However, before that can happen for all women there is still a lot of work to be done and as ‘Elders’ we have a duty to own this time and reframe it so those younger women coming behind us can have a healthy attitude to ageing and embrace the wisdom that comes with the territory.
As we menopause, our womb shrinks to an almost prepubescent size. During our menstrual years amongst the many and varied services our uterus provides, is a service of elimination. Not just of womb lining but of toxins from our body which is only one of the reasons why the quality of our bleed will change from month to month.
Once menopaused we are no longer bleeding so it makes perfect sense for the uterus to shrink down and thus leave no space for toxins to accumulate. This is part of the process of perimenopause and comes with changing hormones, changing feelings, changing body shape and changing needs.
This is a time when we may not recognise our selves and it may be equally difficult for those around us to recognise us too.
This is a time for us to retreat and spend time doing things for ourselves, to ask our selves questions we have not had space to dream of until now. This is a time to change our priorities, to create space just for our selves, just because we can.
If we allow ourselves the sacred space of retreat we will unearth what it is we need, we will dig up our old dreams, the ones that got forgotten in the rush to adulthood and responsibilities of life.
Diamonds are created in the earth by intense heat and pressure and so it is with our wombs. Intense heat and pressure, the compression of our uterus, the opportunity for change give us a diamond of our own. A bright shining light right in our centre which can be a light to shine for all those women coming behind us, a light to shine for those who can recognise it and a brilliance to illuminate our own lives each and every day.
If you would like to know more about my work you may enjoy my workshop. For more information take a look at www.hilarylewin.com, find me on Facebook or sign up on Eventbrite here – Menopause Mining For Diamonds
‘Tell me what you do in just one word?’ After 12 years in the business, it still didn’t slip off my tongue. How was it possible to sum up midlife and all its issues, in just one word? I went for a very long walk.
My love of personal development coaching had always been part of me. At junior school, I received the ‘Concientiousness Towards Others’ award two years running. I knew helping others, listening to their needs, was a huge part of me, yet as I reached my 40s, this potential had not been truly realised.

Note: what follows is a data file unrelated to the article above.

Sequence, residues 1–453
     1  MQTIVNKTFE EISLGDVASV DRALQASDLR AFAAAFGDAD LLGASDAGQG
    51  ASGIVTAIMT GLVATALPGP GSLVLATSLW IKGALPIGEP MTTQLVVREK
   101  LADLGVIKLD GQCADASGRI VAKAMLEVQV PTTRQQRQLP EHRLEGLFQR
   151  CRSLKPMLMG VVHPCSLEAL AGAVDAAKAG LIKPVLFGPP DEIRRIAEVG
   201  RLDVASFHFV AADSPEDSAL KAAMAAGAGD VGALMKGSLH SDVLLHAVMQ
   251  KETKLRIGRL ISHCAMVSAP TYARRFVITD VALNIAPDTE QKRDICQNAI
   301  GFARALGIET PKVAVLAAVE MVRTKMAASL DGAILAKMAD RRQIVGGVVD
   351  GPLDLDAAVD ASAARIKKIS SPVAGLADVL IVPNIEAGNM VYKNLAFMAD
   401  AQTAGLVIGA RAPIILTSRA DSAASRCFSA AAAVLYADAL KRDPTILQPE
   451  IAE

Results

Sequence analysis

One day, sitting with my toes dangling in our private pool, and I could see into the next 20 years. Very clearly. It was not a place I wished to be. I had everything, a loving husband, a luxury lifestyle in the Mediterranean, a six bedroomed home, two wonderful boys soon to fly the nest, and my own hormones creating havoc. I wasn’t happy. None of my peers seemed to be happy either. What was it about the peri-menopause, modern day living and me? There had to be more to life.
I found inspiration in a magazine. I realized that I could take my social science degree, add to it life coaching and begin a new career. This life change has led to a glorious 15 years of exploration and connection to myself and what matters to me the most – helping others. With it comes those all-important, life-changing light bulb and goose-pimple moments. I usually know when I’ve hit the spot because my skin begins to have those telling sensations before my client has fully explained what is happening to them.
My clients tend to be midlife women, coming through peri-menopause into menopause and beyond. Often they are dealing with life issues such as divorce, loss of a loved one, empty nests, boomerang kids, ageing parents, financial worries, ill health and their own looming mortality. It can be a tough place to be. Each and everyone one of us will cope with it differently and yet we all share something in common – a problem shared is a problem halved.